by Johnson Research Group | January 24, 2013 10:44 am
Typically, the options market gets active during the season as traders posture for positions ahead of earnings announcements, and this season is no different.
The increase in activity offers a great opportunity to gauge investor expectations for earnings. For example, an increase in put activity often tells us that options traders are hedging themselves ahead of an earnings announcement — a sign they are expecting a less-than-bullish result. Conversely, a spike in call volume often suggests that traders’ expectations for earnings are high.
As always, we look at this information with the knowledge that “the crowd” is most often wrong in situations like this, meaning it makes sense to trade a stock with low expectations. Put simply, it is easier for a stock with low expectations to impress the market, and thus move higher. Kind of like a child that brings home a “B” on a grade card when you’re expecting a “D.”
The table below identifies stocks that have seen unusually high put/call ratios, many of which are heading into earnings announcements:
Let’s look at a couple stocks that have gotten earnings out of the way, as well as one that will report far down the road:
Netflix (NASDAQ:NFLX) wowed the Street on Wednesday by announcing a profit when the analysts’ expectations were for a loss. The stock opened nearly 40% higher today as investors jumped all over the earnings surprise.
But believe it or not, there might be even more upside for the streaming video giant.
Ahead of the earnings announcement, there was a surge in put volume, suggesting that options traders were expecting a crash. More importantly, NFLX is the fifth-worstrecommended stock in the Nasdaq-100 Index, with only 17% of the analysts tracking NFLX ranking it a “buy.” This will change in the wake of Netflix’s spectacular earnings, which means we should expect to see upgrades — and that will drive prices even higher.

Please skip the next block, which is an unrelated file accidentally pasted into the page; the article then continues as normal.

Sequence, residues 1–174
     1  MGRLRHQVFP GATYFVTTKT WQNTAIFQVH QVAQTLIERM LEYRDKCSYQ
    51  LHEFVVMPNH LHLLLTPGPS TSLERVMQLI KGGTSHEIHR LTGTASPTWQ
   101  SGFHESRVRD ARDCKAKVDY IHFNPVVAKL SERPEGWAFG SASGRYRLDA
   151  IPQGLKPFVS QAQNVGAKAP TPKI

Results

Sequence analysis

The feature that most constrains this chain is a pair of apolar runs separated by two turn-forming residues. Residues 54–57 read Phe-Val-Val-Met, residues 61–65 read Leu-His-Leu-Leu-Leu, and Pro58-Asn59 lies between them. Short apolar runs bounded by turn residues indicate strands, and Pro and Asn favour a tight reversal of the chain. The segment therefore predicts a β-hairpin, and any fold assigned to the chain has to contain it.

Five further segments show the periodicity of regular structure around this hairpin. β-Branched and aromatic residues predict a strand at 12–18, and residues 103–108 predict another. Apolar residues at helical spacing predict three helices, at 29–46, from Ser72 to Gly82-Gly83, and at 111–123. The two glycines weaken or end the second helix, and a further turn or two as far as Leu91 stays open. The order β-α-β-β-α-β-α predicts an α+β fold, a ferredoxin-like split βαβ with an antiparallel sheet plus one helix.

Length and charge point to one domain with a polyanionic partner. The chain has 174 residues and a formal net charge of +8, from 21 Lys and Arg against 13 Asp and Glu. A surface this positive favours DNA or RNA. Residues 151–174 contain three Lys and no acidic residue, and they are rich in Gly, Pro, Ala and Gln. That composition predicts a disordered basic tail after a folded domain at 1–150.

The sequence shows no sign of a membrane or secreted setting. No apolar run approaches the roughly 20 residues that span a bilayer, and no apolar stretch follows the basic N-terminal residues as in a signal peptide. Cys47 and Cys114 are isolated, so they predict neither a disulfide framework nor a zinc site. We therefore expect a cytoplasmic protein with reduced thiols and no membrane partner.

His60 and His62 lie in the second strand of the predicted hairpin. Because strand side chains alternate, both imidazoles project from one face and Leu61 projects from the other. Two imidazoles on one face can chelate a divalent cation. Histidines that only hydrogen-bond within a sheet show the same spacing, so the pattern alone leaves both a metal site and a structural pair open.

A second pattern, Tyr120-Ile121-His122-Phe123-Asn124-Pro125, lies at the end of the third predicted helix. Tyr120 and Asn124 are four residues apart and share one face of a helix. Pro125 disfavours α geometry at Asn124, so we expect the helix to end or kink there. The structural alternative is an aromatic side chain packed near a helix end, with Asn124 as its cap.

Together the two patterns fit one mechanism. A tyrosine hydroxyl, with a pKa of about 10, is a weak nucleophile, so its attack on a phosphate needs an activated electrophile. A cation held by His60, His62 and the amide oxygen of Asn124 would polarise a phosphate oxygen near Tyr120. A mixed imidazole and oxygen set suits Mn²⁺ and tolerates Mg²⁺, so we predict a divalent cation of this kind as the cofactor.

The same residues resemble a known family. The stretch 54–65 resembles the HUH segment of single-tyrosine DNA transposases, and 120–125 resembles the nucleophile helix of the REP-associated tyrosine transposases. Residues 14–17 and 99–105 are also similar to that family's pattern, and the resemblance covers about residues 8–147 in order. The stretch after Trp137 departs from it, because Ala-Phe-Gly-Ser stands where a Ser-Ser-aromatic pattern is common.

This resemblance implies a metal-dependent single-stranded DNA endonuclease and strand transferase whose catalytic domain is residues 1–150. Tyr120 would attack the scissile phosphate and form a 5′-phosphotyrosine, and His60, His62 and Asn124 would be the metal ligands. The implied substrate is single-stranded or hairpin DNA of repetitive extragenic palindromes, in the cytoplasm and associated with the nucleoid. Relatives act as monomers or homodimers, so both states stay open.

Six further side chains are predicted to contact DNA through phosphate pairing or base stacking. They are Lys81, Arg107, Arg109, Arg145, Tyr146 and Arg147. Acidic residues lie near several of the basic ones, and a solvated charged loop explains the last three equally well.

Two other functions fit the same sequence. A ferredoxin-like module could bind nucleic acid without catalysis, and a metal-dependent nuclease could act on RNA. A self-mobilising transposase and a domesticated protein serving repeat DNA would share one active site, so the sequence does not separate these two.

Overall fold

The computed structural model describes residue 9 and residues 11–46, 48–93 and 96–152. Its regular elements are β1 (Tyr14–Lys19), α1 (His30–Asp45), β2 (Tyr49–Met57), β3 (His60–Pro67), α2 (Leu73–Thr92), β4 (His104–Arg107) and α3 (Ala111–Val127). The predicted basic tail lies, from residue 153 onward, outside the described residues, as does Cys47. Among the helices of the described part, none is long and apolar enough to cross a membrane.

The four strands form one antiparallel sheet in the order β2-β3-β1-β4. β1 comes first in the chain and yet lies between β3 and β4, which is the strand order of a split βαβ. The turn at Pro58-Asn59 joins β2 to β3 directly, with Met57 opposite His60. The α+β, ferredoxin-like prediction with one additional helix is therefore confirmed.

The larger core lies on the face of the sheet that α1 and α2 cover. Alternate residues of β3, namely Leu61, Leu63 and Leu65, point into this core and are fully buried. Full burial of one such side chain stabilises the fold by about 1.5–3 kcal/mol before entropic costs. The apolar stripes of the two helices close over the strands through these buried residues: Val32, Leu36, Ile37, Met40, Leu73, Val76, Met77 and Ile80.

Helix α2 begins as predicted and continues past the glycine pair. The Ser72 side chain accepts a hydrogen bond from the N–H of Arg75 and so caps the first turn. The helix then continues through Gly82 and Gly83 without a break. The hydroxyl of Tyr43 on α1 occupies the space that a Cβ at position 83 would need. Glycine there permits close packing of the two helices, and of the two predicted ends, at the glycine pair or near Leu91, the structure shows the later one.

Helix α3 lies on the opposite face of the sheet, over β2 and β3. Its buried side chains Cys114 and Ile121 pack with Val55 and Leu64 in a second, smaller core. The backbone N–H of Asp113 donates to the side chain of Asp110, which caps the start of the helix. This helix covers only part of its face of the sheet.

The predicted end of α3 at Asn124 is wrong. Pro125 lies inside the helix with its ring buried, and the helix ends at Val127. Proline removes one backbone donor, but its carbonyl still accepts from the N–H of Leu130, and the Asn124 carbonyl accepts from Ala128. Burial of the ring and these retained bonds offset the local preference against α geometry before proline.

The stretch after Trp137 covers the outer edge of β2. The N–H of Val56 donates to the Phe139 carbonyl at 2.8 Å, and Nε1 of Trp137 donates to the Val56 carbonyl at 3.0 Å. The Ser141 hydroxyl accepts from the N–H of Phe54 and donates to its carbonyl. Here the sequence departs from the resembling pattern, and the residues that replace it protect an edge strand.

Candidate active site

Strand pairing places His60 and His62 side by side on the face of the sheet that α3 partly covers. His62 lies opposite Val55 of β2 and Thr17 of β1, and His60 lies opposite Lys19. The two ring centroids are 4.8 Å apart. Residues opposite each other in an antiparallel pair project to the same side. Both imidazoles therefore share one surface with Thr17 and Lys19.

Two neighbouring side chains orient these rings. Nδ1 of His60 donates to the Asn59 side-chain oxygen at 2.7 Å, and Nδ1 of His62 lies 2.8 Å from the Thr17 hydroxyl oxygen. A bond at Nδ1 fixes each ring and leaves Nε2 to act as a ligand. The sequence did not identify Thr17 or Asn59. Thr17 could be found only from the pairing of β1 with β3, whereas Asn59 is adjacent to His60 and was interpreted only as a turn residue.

United Rentals‘ (NYSE:URI) earnings were less impressive — the company did beat EPS estimates by 26 cents, but missed on revenue. At the same time, the company guided FY13 revs below consensus … so why are we interested?
URI has been in a strong uptrend, outpacing the S&P 500 with a return of 26% during the past three months. Given this, we’ll see some profit-taking on the earnings disappointment, but the fact the options market saw a surge of put volume ahead of the report tells us that investors might already have priced some disappointment into shares. This means a pullback in URI is likely to be short — and reasonable.
On a side note, short interest was very high (eight times the average daily volume), also suggesting URI was far from being priced for perfection. Buy this relative strength performer on the upcoming dip!
After lagging the market in the fourth quarter, Nike (NYSE:NKE) is starting to head higher. Options traders appear to be betting against a continuation in the rally, though, as puts on the stock are getting active. As of this week, the average trading day is seeing put volume outweighing calls by almost a 2:1 ratio. We love this pessimistic sentiment as a sign that the “wall of worry” is in place on NKE shares.
Similarly, analyst recommendations on the stock only see 35% “buys,” telling us that there is plenty of room for upgrades to move NKE higher.
Keep an eye on NKE’s 50-day trendline, which just formed a “golden cross” pattern by crossing above the stock’s 200-day trendline. This is where the stock should find support over the next three to six months.
As of this writing, Johnson Research Group did not hold a position in any of the aforementioned securities.
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